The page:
"I can only ask you, do you have a child? You think he’s perfect? Sure. There’s not a mother in the world who doesn’t hold that little child and thank God — it’s the most wonderful present in the whole world. But that child grows up and that child does something bad. He makes a mistake. Just one. Never to be forgiven." — Nancy Morais
Nancy Morais founded Florida Justice Transitions trailer park 20 years ago after her son, a convicted sex offender, had a hard time finding a place to live. Prison is only the beginning for sex offenders: Once they are released, they are barred from living within 1,000 feet of places children may frequent, kept under the heel of tough parole officers, demonized as outcasts by society, and given virtually no emotional support. Frida and Lasse Barkfors' documentary Pervert Park is an unflinching stroll through a neighborhood most of us would be terrified to call home, but has become a vibrant and supportive community to those who live there.
I'm not gonna lie, this movie is hard to watch. We only become acquainted with a handful of Florida Justice Transitions' 120 residents, but each backstory is more horrific than the last. The brilliance of Pervert Park is that it doesn't simply trot out the pervert parade for you to roll your eyes and clutch your pearls at for 77 minutes — that would be too easy. Instead, the film bounces from interview to interview, each more tragic and helpless than the next, revealing the innocent humanity beneath the hardened, intimidating surface. It would be impossible to come away from this film without being affected in some way, but I would also be remiss if I didn't warn you that it will make you question everything you want to believe about sex offenders.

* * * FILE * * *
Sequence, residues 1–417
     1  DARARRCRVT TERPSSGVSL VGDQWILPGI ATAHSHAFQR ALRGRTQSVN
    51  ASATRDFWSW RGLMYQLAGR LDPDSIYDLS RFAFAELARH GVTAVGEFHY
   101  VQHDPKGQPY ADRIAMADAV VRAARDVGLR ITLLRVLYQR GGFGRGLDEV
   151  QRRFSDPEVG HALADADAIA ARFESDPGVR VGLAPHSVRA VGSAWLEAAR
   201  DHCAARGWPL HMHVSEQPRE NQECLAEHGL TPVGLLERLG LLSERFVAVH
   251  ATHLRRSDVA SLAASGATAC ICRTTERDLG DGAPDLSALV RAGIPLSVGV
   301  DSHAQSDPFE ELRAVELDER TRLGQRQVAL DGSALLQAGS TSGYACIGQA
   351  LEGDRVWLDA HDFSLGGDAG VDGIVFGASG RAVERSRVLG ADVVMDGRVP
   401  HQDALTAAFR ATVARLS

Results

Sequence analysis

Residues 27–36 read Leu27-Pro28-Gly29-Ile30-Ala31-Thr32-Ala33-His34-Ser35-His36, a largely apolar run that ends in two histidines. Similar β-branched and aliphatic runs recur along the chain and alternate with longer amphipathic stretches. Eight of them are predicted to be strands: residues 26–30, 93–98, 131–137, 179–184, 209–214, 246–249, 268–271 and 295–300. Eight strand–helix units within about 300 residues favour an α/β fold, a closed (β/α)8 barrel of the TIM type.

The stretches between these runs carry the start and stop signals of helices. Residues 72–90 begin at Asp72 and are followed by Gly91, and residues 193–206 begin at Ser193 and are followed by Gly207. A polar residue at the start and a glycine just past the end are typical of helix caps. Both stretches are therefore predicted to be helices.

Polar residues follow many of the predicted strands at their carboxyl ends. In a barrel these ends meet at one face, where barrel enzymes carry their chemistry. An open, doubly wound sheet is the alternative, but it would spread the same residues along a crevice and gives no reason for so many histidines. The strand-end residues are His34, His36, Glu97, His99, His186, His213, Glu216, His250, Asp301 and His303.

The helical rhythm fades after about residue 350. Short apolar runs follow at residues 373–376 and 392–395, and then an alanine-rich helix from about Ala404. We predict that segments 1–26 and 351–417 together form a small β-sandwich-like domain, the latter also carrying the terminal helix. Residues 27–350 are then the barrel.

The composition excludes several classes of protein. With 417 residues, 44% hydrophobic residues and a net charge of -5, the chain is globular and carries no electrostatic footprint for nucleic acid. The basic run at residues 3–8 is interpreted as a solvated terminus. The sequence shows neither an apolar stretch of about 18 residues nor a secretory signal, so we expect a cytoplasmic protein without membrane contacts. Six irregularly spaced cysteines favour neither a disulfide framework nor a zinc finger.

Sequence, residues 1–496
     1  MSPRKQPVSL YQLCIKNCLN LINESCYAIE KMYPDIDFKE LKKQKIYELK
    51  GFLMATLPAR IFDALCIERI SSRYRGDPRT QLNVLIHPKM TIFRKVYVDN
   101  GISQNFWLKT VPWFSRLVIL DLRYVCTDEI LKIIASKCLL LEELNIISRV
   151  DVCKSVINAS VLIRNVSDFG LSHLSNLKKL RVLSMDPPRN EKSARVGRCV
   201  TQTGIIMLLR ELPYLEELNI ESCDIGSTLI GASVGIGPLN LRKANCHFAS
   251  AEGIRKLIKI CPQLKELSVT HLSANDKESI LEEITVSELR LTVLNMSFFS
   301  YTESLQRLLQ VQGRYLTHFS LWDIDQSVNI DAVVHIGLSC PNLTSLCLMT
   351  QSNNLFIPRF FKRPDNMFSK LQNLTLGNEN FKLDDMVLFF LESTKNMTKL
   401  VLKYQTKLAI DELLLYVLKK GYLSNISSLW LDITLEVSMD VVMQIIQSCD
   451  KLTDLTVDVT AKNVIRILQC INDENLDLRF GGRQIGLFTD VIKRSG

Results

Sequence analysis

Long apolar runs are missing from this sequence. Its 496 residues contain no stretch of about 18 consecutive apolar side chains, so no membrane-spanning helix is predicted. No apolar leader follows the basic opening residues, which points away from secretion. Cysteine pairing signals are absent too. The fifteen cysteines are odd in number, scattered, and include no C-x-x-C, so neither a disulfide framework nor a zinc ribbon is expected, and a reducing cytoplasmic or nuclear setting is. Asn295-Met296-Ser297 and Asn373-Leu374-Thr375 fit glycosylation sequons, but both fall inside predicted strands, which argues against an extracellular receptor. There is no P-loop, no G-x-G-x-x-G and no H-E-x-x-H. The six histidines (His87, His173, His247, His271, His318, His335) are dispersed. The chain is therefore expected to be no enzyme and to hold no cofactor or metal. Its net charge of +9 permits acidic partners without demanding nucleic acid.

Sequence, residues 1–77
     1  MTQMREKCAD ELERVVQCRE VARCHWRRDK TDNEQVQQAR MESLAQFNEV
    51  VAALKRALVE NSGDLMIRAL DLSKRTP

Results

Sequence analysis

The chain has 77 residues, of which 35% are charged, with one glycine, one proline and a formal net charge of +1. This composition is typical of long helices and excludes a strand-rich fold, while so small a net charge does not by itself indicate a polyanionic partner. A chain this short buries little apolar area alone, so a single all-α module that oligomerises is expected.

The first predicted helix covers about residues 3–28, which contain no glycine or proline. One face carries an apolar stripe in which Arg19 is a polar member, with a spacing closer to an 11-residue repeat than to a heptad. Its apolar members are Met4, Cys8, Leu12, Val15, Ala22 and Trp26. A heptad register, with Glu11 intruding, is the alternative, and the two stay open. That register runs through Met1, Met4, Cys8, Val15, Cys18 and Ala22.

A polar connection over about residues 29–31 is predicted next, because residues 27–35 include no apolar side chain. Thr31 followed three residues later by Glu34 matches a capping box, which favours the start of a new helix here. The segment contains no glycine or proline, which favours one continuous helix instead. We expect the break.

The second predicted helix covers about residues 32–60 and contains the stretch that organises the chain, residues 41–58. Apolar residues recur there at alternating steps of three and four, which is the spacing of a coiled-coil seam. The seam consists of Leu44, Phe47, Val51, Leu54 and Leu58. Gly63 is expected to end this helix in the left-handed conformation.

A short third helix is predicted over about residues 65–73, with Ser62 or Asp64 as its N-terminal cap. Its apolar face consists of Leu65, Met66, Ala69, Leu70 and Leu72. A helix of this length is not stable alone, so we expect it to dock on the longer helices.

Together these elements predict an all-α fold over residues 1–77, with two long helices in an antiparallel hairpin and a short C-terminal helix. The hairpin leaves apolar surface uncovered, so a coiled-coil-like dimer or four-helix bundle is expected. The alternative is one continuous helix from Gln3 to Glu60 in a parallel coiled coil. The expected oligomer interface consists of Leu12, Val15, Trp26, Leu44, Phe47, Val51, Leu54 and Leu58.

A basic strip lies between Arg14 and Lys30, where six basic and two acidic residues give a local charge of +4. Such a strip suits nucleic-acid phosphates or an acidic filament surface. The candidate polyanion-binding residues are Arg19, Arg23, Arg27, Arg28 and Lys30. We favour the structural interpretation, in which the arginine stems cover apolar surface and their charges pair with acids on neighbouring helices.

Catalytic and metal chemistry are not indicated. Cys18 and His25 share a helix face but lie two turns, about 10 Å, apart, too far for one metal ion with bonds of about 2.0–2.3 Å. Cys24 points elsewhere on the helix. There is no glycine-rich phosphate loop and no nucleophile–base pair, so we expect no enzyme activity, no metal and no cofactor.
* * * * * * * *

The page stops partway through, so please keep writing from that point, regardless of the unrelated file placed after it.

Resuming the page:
No two tales are the same, but if there is a common thread to be found, it is that many of these sex offenders were abused as children (physically, emotionally or sexually), did not get any help, and grew up to become abusers themselves. It is no wonder, then, that Pervert Park's director issued a statement along with this film will ignite a dialogue that will break the cycle:
These are the crimes that are often too painful or uncomfortable to discuss. These are the people that no one wants to live amongst. These are the neighbors we wish away and, through sex offender laws/labeling literally and figuratively move to the outskirts of our towns and our lives. And yet there they are, 1000 feet away from our schools and our parks and playgrounds and churches. Although many of their crimes are unspeakable, what do we as a community gain from our willful silence? If we hope to curb the cycle and culture of sexual violence, is there value in exploring the lives of sex offenders, regardless of how heartbreaking and difficult it might be?
One of the film's opening sequences scans a room of grim faces during a group therapy session. At this point in the story, the fidgeting and crossed arms of these strangers reinforces our stereotypes of sex offenders as volatile and grim. The tense, turbulent film comes to a stop at a block party, where we see these same faces smiling, singing and joking, fully humanized. At last, they have ceased to be frightening monoliths of sexual deviance — they're just people. Pervert Park drives you around the neighborhood until you understand, as Nancy Morais did when she founded Florida Justice Transitions, that everyone deserves a chance redemption.
Pervert Park opens at IFP's Made In New York Media Center on May 20th.
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